- Meeting abstract
- Open Access
201 Can cardiovascular MRI be used as a definitive test to characterize cardiac masses initially identified using echocardiography?
© Czajka et al; licensee BioMed Central Ltd. 2008
- Published: 22 October 2008
- True Mass
- Specific Diagnosis
- Diagnostic Workup
- Wide Field
- Cardiac Masse
Cardiac or paracardiac masses on echocardiography (ECHO) invariably lead to further diagnostic workup including invasive tests, which can be associated with significant morbidity and mortality. Cardiac MRI (CMR) is non-invasive modality with a wide field of view and permits tissue characterization, which can definitively establish a diagnosis.
Between Jan '02 and Aug '07, 157 consecutive patients (pts; 63 yrs, 44% males. 56% females) with suspected cardiac or paracardiac masses on ECHO underwent CMR (GE 1.5 T). CMR sequences: T1W, T2W, 2IR, FIESTA ± gadolinium.
CMR was technically adequate in 99% patients (n = 1, with uncorrectable claustrophobia). In 41 patients no mass was seen, out of which 26 patients (63%) were normal variants (ie. crista terminalis, trabeculations etc.) explaining the initial ECHO observations. In 116 patients (74%), a true mass was present on CMR. In the vast majority (97%) CMR not only identified the mass, but also provided a specific diagnosis. It classified 56% of masses as benign fat, 18% benign tumor, 11% neoplastic, 10% thrombus, 3% vegetation and 2% as hernias. In CMR-confirmed masses, the diagnosis by ECHO and CMR agreed in only 27% of patients. In the remaining 73%, the ECHO diagnosis of mass was very nonspecific. Of 6 masses identified as neoplastic by CMR, neoplasia was proven on biopsy (100% concordance). In the remaining 7 patients, biopsy was not performed, based in part on the official findings of the CMR report. Overall, in 68% (n = 107), a diagnosis by CMR obviated the need for further testing. In another 32%, CMR significantly changed the initial referring diagnosis and subsequent patient management and was deemed 'life changing' in 16% (ie. myxoma to fat, thrombus to myxoma or thrombus to malignant tumor, etc.). In 3% of patients, CMR could not provide a specific diagnosis but granted a narrow differential diagnosis.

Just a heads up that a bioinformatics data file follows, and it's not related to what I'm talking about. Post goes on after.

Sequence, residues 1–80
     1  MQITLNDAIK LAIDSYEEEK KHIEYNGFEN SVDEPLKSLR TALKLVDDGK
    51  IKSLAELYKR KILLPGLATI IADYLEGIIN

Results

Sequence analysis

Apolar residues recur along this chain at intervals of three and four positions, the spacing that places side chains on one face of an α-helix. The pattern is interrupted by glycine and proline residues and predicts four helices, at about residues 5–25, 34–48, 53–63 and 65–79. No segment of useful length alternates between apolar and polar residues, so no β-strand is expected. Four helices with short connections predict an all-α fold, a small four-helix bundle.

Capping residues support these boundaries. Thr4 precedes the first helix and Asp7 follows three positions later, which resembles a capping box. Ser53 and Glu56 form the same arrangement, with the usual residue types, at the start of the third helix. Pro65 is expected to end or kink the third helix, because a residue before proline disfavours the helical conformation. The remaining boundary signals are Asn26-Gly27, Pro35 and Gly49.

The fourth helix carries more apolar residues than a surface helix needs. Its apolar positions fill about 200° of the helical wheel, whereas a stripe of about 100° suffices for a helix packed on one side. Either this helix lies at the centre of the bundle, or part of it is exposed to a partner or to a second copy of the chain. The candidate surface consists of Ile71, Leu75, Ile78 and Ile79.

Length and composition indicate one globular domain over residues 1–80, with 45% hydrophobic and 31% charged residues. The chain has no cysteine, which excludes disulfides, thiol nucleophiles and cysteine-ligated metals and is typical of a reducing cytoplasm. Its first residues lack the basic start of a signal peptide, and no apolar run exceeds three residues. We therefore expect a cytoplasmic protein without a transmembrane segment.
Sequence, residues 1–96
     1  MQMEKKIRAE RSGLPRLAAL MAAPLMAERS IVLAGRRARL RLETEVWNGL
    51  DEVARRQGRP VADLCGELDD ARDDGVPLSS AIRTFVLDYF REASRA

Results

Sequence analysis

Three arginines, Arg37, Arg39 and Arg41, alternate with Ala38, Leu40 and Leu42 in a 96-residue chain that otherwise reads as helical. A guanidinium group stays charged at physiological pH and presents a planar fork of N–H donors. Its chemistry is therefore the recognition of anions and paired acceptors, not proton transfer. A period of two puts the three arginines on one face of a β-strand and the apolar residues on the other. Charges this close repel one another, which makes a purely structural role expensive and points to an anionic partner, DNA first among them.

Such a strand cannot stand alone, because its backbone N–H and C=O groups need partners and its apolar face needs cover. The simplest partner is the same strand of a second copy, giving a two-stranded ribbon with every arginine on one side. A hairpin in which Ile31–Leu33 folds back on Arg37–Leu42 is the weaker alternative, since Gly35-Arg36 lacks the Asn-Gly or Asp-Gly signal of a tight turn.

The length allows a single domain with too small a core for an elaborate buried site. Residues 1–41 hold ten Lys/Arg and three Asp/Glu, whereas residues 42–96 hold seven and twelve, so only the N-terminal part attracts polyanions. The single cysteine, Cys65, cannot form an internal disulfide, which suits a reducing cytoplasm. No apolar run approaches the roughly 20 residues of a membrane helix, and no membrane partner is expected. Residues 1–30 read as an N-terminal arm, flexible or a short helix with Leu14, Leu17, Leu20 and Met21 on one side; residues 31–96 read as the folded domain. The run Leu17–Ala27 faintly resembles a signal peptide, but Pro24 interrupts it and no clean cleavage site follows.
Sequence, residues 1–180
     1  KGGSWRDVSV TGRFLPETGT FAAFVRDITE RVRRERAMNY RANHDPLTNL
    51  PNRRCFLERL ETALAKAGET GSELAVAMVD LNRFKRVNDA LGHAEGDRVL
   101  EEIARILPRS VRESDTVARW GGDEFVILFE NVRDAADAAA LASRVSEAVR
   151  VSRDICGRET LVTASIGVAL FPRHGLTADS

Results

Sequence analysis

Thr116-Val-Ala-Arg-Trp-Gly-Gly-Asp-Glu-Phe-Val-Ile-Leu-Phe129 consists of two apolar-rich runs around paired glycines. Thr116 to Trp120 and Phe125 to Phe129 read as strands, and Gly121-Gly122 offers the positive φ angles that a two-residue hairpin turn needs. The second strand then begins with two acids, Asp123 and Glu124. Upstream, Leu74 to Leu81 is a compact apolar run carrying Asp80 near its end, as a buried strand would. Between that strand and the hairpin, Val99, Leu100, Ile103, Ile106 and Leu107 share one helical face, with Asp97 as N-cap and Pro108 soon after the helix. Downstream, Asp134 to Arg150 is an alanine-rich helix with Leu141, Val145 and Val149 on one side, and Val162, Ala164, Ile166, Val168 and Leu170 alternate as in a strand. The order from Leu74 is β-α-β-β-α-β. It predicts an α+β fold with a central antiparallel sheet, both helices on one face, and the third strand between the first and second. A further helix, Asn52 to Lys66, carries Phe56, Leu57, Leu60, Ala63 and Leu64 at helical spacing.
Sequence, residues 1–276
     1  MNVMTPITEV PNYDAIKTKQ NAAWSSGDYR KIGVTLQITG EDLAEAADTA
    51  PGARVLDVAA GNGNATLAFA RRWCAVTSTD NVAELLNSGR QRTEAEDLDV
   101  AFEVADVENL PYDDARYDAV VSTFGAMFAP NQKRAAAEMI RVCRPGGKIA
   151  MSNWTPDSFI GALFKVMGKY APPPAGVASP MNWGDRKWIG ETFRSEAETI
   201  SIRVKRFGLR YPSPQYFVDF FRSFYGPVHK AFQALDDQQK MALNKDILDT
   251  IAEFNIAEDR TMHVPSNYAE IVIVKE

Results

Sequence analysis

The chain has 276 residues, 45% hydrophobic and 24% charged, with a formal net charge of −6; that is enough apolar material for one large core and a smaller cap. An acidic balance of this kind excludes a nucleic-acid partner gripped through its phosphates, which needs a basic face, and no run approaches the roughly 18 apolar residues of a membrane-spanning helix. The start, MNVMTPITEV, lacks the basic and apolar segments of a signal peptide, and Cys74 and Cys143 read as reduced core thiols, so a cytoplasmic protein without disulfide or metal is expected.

CMR's inherent tissue characterization and excellent spatial resolution can accurately differentiate normal from abnormal and benign from malignant masses while markedly obviating the need for more invasive and less accurate transesophageal ECHO and/or CT scan. Moreover, CMR significantly decreases the number of invasive biopsies, particularly of benign masses, making CMR an essential non-invasive test in all cases of suspected cardiac and paracardiac masses.
This article is published under license to BioMed Central Ltd.